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    I agree with this completely! Kids are in school to learn content, but also to learn how to DO SCHOOL. They need to learn how to be a student in future years. I taught 8th grade science, and I felt I had to practice note-taking with the kids so they would be able to take notes in high school. I expect that in high school they do something similar in preparation for college.

    I think a good method would be to break up the period: mini-lesson with notes/lecture; discussion, practice, lab, activity, etc.
     
  10. chemteach55

    chemteach55 Connoisseur

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    This is true but even so many of the college teachers are now putting the notes on Internet and students spend more time listening and questioning. They do need to add to the notes that they print out. This is what I do with my students. They can print out the notes and add or highlight the important points. I do not totally think that we can do away with notes but with technology, note taking has become the smaller focus in my class. As for those who learn by writing things, I include activities for them in my differentiating of the activities.:)
     
  11. Aliceacc

    Aliceacc Multitudinous

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    I'm sure you know your stuff, but I would have failed chem had I not taken lots of notes.
     
  12. Terrence

    Terrence Comrade

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    I felt like I was giving tons of notes, and I was. Notes are important. I was going to try to go the no notes route, but I don't think it's possible. I'm going to try and structure the days I give notes by doing short bursts of notes with some sort of activity. I am using an interactive notebook next year, so it will make note taking more engaging. I am going to try to do an inquiry lab before the actual notes so that they will be more engaged to figure out why/how about the concept. I am going to try to alternate notes with labs. One day notes, one day lab, etc.
     
  13. Aliceacc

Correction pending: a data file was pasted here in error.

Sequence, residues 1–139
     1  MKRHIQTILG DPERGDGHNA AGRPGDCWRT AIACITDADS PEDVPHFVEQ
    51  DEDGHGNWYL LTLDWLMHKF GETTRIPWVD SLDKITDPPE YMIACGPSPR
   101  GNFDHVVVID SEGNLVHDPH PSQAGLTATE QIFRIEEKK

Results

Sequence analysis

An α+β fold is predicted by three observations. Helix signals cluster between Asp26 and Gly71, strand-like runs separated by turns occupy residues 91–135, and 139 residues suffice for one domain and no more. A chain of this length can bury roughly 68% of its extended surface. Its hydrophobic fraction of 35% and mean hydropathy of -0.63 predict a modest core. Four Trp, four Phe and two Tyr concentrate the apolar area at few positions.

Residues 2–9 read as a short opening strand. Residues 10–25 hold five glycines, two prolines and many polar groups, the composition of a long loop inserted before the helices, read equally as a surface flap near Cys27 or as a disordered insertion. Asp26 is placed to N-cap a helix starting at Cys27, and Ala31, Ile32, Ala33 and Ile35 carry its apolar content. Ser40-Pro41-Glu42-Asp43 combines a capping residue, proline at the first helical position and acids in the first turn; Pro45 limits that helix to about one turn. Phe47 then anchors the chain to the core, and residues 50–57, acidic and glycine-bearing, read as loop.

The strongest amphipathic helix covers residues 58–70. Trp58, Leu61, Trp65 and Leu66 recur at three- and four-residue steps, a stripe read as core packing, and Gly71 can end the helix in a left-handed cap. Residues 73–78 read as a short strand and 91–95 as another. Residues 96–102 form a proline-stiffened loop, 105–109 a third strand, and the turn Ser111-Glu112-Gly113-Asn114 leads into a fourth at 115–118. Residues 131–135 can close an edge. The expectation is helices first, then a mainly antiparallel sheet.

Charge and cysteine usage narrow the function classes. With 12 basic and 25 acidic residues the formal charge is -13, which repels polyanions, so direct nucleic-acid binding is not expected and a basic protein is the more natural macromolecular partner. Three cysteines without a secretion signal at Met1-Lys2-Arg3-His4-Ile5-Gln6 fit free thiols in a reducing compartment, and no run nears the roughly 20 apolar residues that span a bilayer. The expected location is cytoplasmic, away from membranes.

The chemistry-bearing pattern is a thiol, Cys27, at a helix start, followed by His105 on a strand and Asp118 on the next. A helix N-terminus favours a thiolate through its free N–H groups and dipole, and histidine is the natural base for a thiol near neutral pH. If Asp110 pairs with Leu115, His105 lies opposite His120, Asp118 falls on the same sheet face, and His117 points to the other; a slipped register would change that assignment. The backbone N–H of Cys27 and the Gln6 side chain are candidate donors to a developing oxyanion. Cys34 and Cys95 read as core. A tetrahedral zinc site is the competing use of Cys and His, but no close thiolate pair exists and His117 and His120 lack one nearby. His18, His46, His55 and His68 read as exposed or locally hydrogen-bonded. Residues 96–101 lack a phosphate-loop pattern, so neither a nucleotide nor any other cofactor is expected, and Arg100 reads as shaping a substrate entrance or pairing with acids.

Aliceacc Multitudinous

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    And keep in mind: material that's second nature to you is brand new to your students: an entirely different language. It's hard to learn all that info, and learn it well, without notes.

    Sure, it would be great to make science fun. But if it's at the expense of getting them to really know the material, it's the wrong decision. Kids need notes. As they're going through your class, they'll agree that the fun class is the place to be. But speak to them at the final exam, in an upper grade, or when they return back from college for a visit. Without exception, the teachers they appreciate most are those who made the work as interesting as possible, but who gave good notes, taught them to take good notes, and did a thorough job with the material.
     
  14. Missy

    Missy Aficionado

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    In my daughter's AP Physics and Chem classes, the teachers copied and gave the kids an outline of the lecture/notes, and then the kids filled in what they needed.
     
  15. deserttrumpet

    deserttrumpet Comrade

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    I agree that labs are important. But, so are notes. I teach several different levels of science and with my lower kids I try to make sure they have some notes because it is a good skill. I also, through, limit their notes.

    I also find packets to be helpful. I give brief notes and then have them work on problems where they can use their notes, their books, their friends, and me to find answers.

    I also like to throw in stories with note and find things that are interesting for examples. We also try to keep note interactive. Ask questions, have students write on the board, and be active in lecture.

    Kids also seem to enjoy power point. A search on line will often yield interesting pictures and animations to include in your presentations. I also keep my presentations interactive with questions and discussion prompts.